In Mark Twain’s essay The Danger of Lying in Bed, Twain took to task the people of his time who saw danger where relatively no danger existed. In his day, many people were afraid of traveling by train because of some train wrecks. Using extreme extrapolation, these people concluded that everyone who rode a train was putting themselves in grave danger.
To combat this overactive imagine and logic, Twain simply pointed out that more people died in their beds than by any other method. Therefore, according to Twain, beds were putting more people in danger than anything else in the world, and if everyone wanted to avoid dying, simply stay out of beds.
Naturally, that was a ridiculous prescription, but he made his point.
We need to take his point today as well.
Social media has had an abundance of well-meaning but rather ridiculous things posted regularly. People want to warn their friends and neighbors to avoid doing something commonplace because there is a dangerous dark side to that event. You might want to get up-to-date on the following:
Don’t use file folders. Some unnamed man in Folemont, Pennsylvania, got a paper cut when using a file folder. He later got an infection and lost a hand.
Beware of fruit-based juices. Everybody loves fruit juices, right? A woman in South Dakota poured orange juice in a glass. Apparently, there was a live venomous spider that had survived for months in the lid of the bottle of orange juice. She did not know she was drinking it, and it bit her. She nearly died.
Never let your child jump rope. The repetitive action of jumping in a single place made a 6-year-old girl blow out both her knees. Do not let this happen to your child.
Remember the hand sanitizer scare? Children will ingest it and become inebriated because it has a high alcohol content. Keep that stuff under lock and key. Supervise hand sanitizer use with children.
The list goes on and on. You will probably see a warning on social media this week. A friend is looking out for you.
Are people simply that gullible? Sadly, it appears so.
In non-dangerous stuff, how many times have you read on social media that a famous person, such as Morgan Freeman, has died?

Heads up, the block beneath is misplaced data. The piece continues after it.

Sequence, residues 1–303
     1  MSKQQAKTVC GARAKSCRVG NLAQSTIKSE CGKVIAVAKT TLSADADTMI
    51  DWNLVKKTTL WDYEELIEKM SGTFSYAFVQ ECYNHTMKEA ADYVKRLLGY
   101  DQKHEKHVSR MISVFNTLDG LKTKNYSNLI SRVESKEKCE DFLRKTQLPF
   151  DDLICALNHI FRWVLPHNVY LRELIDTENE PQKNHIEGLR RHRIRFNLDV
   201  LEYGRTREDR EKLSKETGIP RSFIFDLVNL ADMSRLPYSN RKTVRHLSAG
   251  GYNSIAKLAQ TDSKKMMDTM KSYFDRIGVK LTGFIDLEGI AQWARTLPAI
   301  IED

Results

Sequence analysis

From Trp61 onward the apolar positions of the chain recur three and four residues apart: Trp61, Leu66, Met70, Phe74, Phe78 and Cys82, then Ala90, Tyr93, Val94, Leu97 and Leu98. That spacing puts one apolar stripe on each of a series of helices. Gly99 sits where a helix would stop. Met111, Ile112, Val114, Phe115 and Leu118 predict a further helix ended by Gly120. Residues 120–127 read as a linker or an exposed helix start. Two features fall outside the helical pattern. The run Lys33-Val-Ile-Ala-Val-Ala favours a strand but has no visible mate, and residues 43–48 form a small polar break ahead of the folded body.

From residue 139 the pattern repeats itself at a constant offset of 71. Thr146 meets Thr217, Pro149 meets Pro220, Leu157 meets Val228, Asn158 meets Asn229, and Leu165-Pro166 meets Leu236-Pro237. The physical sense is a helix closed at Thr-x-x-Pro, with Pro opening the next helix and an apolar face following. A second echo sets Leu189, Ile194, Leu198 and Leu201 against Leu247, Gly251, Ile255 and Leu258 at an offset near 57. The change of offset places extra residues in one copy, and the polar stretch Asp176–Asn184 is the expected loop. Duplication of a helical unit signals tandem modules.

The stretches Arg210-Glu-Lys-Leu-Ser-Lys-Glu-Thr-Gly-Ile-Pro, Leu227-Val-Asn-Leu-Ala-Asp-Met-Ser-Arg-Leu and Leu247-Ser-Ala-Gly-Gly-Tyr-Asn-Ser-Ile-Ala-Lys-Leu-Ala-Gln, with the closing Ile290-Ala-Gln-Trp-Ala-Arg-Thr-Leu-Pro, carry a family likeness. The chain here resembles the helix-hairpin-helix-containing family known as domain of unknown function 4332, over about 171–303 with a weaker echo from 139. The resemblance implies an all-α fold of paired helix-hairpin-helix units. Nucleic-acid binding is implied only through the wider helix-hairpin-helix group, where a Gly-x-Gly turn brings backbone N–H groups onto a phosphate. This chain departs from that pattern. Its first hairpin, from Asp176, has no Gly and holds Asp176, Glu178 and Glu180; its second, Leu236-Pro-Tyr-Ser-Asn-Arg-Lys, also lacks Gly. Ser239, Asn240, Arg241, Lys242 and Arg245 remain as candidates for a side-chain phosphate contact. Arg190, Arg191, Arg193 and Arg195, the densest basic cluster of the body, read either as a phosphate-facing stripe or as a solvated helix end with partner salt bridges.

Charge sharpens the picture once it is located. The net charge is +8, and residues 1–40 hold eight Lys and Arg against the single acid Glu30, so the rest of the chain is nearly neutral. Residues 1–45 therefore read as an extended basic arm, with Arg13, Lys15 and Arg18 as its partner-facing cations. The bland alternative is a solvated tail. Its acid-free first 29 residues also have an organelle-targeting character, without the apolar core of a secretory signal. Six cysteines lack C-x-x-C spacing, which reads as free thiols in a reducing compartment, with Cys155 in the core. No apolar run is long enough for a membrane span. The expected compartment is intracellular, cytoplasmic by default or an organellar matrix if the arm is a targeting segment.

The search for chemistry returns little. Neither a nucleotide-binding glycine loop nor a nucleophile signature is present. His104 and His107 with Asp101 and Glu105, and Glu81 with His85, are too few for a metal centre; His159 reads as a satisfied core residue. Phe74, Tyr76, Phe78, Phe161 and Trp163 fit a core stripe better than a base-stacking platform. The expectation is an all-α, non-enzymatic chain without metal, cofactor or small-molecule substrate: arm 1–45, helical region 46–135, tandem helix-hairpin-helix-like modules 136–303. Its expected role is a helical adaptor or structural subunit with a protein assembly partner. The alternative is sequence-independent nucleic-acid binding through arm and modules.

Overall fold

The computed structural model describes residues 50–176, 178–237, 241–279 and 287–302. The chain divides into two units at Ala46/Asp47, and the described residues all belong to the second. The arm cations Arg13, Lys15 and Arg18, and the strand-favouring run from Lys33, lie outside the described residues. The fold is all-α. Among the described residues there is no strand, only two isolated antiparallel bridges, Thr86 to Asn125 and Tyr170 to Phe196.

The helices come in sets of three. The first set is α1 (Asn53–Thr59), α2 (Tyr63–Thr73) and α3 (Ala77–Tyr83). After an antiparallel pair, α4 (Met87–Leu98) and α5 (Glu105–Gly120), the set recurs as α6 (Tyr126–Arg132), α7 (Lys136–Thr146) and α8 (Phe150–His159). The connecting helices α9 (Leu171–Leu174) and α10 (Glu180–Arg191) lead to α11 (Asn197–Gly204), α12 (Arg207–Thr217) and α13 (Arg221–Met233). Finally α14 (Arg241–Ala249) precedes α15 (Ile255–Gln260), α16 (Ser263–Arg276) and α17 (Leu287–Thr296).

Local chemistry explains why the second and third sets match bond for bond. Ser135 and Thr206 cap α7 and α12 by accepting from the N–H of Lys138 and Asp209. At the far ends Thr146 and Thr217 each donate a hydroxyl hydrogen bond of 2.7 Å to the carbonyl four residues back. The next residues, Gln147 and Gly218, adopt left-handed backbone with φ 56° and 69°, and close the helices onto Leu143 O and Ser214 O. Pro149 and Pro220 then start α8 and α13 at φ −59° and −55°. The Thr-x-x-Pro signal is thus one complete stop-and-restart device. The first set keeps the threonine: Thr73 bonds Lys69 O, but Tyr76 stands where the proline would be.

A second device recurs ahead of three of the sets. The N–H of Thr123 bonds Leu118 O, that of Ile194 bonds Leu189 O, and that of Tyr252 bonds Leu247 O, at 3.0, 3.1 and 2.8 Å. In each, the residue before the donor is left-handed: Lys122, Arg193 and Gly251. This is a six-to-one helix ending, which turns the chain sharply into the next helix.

How old are John F. Kennedy, Elvis Presley, and Adolf Hitler now that we have been told they are still living? You know, they have really been in hiding from the world.
Miracle foods and drinks, magic hair restorers, all the products of overnight infomercials. The pitchmen guarantee they all work, and they do even better than what we were originally told.
A television show of the 1970s titled Fernwood 2 Night had a segment once about the dangers of wearing leisure suits. On the show, a local college professor dressed hundreds of lab rats in leisure suits, and many or most of these rats developed cancer. Of course, this was farce, but poignant nonetheless. Nor was it mentioned that as part of the project the lab rats smoked multiple packs of cigarettes per day. But the leisure suit was the problem.
What is on the cancer list today? Bacon again? Nearly all food not vegetable in content? Cellphones, wireless devices, wearing clothes that are too tightly fitting?
The mine for coming up with new dangers has barely been explored. There will be something soon, though. Very soon.
There are some things in life we should have a healthy fear of. We should pull our hands away from the hot stove. We should never play with a gun, even if we know “the safety is on and it’s not even loaded.” Things like this are common sense.
Increasingly becoming more afraid to live our lives because of incessant (and often unverified and ridiculous) warnings is mindless. A worse consequence is that we become desensitized to actual, verifiable red flags. We stop heeding good advice. We increase our chances of becoming a victim of something we genuinely could have prevented.
I think I will continue sleeping in bed, even though most people still die there. My father died in bed, as did his brothers, my grandmothers, a grandfather, and 3 aunts.